Though climate risks are often discussed at the national scale, urban areas are increasingly seen as having a role in the climate agenda. Despite this need, decision-makers face significant challenges including:
- Uncertainty of urban climate hazards
- Lack of measurement to prioritize adaptation actions
- Lack of data to understand and track urban vulnerability to climate change
- Difficulty integrating adaptation information into current procedures
Responding to the need for increased urban resilience and adaptation planning, the Urban Adaptation Assessment project, funded by the Kresge Foundation and led by the Notre Dame Global Adaptation Initiative (ND-GAIN), provides an adaptation measurement solution that can be scaled around the world to identify key climate risks and adaptation options for cities.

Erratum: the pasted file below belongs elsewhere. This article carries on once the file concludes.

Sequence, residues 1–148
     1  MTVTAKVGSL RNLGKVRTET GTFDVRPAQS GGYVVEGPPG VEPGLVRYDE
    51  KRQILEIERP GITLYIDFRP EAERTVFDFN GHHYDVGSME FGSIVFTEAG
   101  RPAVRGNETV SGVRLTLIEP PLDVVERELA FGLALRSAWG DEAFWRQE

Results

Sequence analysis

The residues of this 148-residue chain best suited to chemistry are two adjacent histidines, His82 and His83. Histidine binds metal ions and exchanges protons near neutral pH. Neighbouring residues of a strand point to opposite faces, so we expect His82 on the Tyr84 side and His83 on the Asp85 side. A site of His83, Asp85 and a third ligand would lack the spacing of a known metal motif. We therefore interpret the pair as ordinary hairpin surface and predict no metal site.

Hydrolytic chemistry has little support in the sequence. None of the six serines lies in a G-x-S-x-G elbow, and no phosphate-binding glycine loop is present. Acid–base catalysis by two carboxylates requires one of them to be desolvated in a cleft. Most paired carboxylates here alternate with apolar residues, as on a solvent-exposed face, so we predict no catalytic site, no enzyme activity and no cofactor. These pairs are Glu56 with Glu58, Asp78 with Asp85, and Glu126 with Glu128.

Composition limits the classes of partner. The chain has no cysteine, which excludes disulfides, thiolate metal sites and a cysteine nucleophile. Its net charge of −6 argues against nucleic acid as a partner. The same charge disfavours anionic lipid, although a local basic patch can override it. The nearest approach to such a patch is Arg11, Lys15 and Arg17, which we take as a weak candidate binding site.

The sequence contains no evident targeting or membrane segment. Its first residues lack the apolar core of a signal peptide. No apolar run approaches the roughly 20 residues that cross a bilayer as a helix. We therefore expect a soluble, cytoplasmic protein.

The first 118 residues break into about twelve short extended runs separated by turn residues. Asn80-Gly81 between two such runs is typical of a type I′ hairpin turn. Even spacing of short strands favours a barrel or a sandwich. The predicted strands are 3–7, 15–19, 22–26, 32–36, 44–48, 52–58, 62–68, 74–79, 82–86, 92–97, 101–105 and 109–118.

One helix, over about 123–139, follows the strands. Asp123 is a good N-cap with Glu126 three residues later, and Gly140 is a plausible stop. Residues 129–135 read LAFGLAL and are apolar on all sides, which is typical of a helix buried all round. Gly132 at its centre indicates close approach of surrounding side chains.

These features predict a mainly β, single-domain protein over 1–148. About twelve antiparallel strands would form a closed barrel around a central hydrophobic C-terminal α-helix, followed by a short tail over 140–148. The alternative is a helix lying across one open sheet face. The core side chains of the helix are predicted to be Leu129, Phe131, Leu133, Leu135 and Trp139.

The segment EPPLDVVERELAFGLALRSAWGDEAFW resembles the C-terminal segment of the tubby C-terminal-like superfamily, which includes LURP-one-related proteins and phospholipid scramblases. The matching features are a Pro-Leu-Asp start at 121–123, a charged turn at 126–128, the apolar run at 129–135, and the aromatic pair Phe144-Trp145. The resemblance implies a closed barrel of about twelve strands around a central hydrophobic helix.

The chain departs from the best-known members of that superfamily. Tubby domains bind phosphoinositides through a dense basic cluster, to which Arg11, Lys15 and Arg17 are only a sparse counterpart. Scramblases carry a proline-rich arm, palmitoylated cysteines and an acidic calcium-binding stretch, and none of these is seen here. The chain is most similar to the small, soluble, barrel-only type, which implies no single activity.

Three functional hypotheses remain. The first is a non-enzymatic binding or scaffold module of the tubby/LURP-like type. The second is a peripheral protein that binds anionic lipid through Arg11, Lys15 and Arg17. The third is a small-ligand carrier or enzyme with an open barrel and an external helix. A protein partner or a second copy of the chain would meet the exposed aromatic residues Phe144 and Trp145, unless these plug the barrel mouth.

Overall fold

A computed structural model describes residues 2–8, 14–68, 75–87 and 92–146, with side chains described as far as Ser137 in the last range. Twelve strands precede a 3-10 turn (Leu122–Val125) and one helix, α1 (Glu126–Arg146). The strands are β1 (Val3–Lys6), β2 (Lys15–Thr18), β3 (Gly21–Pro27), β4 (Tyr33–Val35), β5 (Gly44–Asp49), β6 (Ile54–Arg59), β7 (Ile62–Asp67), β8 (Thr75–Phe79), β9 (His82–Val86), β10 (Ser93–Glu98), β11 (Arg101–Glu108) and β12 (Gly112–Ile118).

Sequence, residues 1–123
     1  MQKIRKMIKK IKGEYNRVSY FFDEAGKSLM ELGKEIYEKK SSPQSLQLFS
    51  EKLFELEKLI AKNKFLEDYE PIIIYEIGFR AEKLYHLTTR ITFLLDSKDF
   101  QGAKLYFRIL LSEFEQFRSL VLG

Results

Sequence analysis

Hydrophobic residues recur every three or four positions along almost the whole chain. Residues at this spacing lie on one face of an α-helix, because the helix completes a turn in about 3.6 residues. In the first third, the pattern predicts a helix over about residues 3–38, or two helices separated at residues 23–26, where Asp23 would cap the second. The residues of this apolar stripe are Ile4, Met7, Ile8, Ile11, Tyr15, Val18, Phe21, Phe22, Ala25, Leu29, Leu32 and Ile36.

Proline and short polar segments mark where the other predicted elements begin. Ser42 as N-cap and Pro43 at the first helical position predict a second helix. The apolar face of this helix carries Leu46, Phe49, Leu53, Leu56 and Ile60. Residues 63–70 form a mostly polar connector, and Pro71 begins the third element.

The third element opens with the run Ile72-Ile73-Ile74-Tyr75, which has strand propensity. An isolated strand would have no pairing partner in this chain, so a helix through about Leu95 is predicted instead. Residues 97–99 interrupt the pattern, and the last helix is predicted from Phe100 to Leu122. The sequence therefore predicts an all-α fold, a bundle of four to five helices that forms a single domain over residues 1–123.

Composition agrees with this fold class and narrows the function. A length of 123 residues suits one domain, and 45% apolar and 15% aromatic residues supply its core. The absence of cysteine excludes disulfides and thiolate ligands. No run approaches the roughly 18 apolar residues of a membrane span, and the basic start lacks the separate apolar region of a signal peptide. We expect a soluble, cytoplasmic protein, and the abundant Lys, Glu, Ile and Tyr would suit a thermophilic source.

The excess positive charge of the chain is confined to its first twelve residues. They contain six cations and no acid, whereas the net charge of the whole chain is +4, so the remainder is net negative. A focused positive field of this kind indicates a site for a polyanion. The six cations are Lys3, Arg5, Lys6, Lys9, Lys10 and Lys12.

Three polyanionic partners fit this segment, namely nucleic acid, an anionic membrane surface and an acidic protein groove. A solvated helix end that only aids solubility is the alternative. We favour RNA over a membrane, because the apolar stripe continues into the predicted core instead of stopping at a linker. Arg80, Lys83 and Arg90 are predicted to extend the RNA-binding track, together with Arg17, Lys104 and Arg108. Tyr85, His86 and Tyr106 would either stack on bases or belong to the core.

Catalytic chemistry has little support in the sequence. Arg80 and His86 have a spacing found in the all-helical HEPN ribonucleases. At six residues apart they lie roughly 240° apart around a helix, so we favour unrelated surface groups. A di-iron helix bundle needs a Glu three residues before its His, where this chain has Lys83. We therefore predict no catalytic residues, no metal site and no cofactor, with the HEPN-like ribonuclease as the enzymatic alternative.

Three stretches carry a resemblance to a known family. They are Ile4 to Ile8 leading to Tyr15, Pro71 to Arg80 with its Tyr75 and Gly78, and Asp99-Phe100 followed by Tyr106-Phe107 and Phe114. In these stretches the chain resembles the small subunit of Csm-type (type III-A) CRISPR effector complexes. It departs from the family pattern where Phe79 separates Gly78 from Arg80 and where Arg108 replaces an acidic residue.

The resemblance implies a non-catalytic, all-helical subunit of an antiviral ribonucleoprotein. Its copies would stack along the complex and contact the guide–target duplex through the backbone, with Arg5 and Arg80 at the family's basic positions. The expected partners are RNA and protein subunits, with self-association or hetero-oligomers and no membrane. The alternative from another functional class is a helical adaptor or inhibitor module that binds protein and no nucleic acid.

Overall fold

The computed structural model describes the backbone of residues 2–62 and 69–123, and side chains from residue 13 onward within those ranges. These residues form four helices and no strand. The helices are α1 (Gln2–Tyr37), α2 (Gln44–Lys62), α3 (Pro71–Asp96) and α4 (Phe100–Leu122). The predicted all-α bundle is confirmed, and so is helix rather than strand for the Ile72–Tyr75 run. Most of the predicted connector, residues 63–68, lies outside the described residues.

Many frameworks exist to measure vulnerability to the changing climate at the city level. However, current literature lacks assessment of cities’ capacity to take on adaptation action and to reduce losses and damages arising from climate hazards. This work aims to advance the knowledge of adaptation by building a better understanding of how climate change affects U.S. cities and exploring the connection between adaptive capacities, social inequities, and the impacts of climate disasters.
This research helps elevate climate actions by informing decisions about infrastructure, land use, water resources management, transportation and other policy and funding issues. It aims to prompt a conversation that motivates communities to build a resilient future.